"I'm afraid you will leave me," was the surprising and unusually articulate response to a probing question I posed yesterday to determine whether there was any definable reason for Michael's increased withdrawal and fatigue. Frankly, I expected a more mundane answer: a virus was lurking or his stomach hurt. But I have learned that, even if it is something as simple as a mild cold, that can be enough to unhinge his thinking and push him into the depths of paranoia and delusions. And render him oddly articulate.
I reassured him, somewhat sourly and not as gently as I should have, that I have no intention of going anywhere. I have stuck it out this far, right? Besides, I'm not the one who is leaving. He is. Has. The Michael I knew and married left me a long time ago for the demanding and unforgiving new mistress that is Parkinson's Disease. I have simply been relegated to the post of Chief Cook, Nurse, Housekeeper and General Factotum. On occasion the old Michael will emerge, but that person has almost completely gone now and only surfaces unexpectedly, rarely and usually in the company of others, not just for me.
There was one occasion, in the throes of one of his many psychotic crises, that he actually accused me of having an affair. If he hadn't been so ill, I would have been highly offended but instead I let out a loud guffaw at the silliness of such an idea. Even if I wanted to, when on earth would such an occasion present itself, let alone a willing partner in crime? My thirty-one years of marriage have been devoted to my children and my husband - and happily so - but it has been a busy life, affording no opportunities for clandestine affairs, especially during the past two years of very intensive care.
But his comment, quickly forgotten by him, rattled around in my brain long after. Michael and I, over the years, have had an uncanny connection; finishing the other's sentences, sensing things before they were articulated. Michael even went into "labour" with me the first time. Most long-married couples experience this, I am sure. I don't think I am particularly good at hiding my feelings either. Perhaps everyone can read me like a book. Nevertheless, I started to think about it and felt twinges of guilt because recently my mind has been stepping out.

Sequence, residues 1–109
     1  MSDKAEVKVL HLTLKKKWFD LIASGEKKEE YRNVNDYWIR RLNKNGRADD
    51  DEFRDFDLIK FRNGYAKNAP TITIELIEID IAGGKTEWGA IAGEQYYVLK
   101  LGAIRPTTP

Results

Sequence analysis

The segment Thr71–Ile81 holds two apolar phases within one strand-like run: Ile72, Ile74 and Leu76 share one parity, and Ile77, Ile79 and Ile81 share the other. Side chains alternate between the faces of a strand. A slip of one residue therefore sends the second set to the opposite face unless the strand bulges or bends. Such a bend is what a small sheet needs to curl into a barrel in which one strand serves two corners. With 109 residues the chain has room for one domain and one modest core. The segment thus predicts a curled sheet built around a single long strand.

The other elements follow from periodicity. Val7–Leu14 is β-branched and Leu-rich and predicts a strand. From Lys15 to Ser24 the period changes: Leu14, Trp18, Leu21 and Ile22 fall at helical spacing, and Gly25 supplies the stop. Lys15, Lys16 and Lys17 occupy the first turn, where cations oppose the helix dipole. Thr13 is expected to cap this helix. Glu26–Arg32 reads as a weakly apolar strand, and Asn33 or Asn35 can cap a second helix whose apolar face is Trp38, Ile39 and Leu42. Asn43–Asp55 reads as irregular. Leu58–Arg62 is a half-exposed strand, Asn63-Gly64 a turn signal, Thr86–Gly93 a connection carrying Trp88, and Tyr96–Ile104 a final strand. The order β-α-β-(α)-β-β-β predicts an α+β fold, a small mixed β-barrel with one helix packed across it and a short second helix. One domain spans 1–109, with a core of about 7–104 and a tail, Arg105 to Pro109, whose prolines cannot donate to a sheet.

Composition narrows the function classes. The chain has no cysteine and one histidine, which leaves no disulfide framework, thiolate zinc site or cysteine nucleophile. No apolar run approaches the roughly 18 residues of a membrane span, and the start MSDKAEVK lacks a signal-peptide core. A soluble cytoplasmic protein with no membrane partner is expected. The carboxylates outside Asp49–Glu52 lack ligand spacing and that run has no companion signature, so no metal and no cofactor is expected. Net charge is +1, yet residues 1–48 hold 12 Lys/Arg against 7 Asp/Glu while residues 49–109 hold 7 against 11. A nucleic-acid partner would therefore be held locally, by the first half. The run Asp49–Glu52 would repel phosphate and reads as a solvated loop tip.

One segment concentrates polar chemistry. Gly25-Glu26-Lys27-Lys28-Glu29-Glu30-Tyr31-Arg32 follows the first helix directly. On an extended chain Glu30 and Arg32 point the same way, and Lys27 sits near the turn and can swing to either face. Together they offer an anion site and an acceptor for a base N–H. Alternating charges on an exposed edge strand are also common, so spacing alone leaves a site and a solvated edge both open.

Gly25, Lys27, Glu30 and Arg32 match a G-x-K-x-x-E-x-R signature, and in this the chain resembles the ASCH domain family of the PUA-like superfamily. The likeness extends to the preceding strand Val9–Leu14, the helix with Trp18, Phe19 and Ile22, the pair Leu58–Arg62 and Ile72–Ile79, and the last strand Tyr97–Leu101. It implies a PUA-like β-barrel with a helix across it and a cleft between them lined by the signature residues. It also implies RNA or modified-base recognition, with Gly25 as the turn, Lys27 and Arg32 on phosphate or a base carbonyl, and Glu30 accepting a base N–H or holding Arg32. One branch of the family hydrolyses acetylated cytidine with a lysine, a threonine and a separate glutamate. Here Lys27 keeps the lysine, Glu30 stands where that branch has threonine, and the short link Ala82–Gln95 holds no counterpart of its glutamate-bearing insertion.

Lately, as reported in an earlier post, I must engage my fantasy world to assuage certain longings. During my conscious, waking hours, I can easily summon the ghost of my relationship with Michael. But it is during my nocturnal subconscious wanderings that I am seeing the change. Where, until recently, my dreams only ever involved my husband, now I am summoning other faces and bodies, some achingly familiar. I awaken feeling sad, and though I can in no way control where and with whom my subconscious decides to travel while I sleep, I am still left with a sense of my own betrayal. I miss intimacy terribly, often painfully, but I know in my heart that I would never consciously betray my bonds with my long-suffering Michael. Only in my dreams am I doing that.
So, rather than Michael merely expressing his own dark irrational fears, perhaps he is still finely tuned to me, sensing, at least on a subconscious level, that I have already taken a dangerous step away from him. And maybe I am preparing myself for the ultimate separation.